Graduate Workers Condemn Saturday Police Escalation

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Above photo: A sign from Friday’s action, a collaboration between NUGW and NU Community Not Cops. Emily Sakai.

NOTE: CBS News reports on the police violence:

A few hundred students, nearly all from Northwestern, turned out for the event organized by a group called NU Community Not Cops. It started peacefully, but as the march went on, things changed.

Students shared a video with CBS 2 showing firecrackers used as a smaller group of students came face to face with Evanston police with backup from other local police departments.

Protesters have been marching in support of abolishing campus police that effort every day since Oct. 12, but students say a small group of demonstrators Saturday night turned more aggressive as they broke windows downtown, spray-painting buildings and launching those fireworks.

In a Sunday statement, Northwestern University Graduate Workers condemned the police escalation — including the pepper-spraying and shoving student protestors — at Saturday’s NU Community Not Cops protest.

At least two participating NUGW members were pepper-sprayed, the group wrote, during the 20th straight day of demonstrations demanding that NU divest from law enforcement.

“Last night proved once again that it is heavily armed, militarized police who create and escalate violence,” NUGW wrote. “As NUCNC has long argued, and as we unfortunately saw on display last evening, the police do not, and never will, keep us safe.”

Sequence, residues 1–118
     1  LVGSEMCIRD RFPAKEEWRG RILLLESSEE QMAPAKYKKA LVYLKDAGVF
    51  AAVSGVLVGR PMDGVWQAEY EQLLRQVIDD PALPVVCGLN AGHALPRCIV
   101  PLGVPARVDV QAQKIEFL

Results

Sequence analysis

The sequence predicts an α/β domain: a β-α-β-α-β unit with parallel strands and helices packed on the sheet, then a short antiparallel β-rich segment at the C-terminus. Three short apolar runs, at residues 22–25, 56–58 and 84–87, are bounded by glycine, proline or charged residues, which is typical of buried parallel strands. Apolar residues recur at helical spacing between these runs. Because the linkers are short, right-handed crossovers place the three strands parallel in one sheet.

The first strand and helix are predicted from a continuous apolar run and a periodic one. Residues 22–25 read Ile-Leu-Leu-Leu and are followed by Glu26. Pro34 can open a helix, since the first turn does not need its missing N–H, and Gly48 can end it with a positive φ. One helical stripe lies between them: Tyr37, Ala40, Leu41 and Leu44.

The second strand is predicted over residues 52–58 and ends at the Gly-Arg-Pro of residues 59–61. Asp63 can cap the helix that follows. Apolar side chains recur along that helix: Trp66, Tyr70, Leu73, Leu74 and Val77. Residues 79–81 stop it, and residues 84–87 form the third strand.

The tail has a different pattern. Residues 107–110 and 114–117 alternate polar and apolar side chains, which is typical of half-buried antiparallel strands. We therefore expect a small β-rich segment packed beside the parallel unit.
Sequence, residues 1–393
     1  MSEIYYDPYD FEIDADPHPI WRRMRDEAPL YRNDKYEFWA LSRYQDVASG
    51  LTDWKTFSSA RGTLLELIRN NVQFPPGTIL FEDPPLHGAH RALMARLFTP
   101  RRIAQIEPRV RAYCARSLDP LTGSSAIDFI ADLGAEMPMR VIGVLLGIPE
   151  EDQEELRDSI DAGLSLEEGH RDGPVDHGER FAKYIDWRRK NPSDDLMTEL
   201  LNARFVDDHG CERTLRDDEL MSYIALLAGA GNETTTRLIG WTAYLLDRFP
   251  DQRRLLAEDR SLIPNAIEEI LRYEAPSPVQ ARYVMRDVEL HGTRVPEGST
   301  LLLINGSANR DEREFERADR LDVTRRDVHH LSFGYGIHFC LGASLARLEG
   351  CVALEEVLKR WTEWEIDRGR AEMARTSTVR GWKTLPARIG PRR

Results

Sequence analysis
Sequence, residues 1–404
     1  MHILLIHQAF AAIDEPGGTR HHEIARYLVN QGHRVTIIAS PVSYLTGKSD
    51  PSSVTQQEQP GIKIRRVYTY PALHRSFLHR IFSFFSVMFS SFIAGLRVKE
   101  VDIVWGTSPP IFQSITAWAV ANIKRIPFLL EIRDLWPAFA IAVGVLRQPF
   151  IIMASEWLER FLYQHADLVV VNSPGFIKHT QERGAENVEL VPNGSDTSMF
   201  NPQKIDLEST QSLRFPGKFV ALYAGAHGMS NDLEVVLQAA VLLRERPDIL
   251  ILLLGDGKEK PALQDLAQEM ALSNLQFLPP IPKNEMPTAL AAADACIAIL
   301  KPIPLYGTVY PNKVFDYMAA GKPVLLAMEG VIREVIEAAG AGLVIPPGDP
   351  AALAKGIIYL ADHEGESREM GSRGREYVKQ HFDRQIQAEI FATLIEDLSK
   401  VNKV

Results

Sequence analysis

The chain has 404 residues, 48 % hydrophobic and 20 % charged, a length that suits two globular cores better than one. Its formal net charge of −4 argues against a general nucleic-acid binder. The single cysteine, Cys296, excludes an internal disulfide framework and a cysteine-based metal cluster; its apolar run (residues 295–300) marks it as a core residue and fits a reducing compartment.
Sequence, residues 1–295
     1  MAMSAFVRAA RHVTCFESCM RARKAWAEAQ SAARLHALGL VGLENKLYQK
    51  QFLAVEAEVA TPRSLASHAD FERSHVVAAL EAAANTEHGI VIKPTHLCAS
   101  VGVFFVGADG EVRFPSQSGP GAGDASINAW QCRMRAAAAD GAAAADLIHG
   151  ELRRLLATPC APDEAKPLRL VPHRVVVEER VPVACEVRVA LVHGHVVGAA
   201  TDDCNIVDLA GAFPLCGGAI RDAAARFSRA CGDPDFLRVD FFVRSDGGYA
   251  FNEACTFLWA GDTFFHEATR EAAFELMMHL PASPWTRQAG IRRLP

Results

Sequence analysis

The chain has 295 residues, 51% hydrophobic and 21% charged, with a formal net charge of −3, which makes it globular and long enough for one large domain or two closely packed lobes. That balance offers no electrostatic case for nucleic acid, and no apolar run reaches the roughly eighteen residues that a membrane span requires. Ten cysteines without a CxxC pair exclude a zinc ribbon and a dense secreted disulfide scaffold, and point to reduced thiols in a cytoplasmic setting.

NUGW wrote that Saturday night’s escalation was also a direct result of University President Morton Schapiro’s controversial Oct. 19 email to the community condemning student protestors. In it, he warned any members of the NU community found to violate rules and laws would be held accountable for their actions. NUGW called his rhetoric a “threat of aggression” that gave police the “green light” to harm student protestors with impunity.

The group called on Schapiro to resign and urged the University to meet NUCNC’s demands to abolish University Police and sever ties with the Evanston and Chicago Police Departments. Instead, NUGW said the University should “meaningfully invest” in Black student communities in order to repair the harm done to them.

NUGW added that its support for NUCNC’s abolitionist demands are not just a solidarity issue. The abolition of police, they wrote, would mean a “reduction in harm” faced by Black graduate workers at their workplaces — campus itself.

“President Schapiro, who sits in one of the highest positions of power at this institution, helped to unleash this terror on his own students,” NUGW wrote. “He must resign immediately.”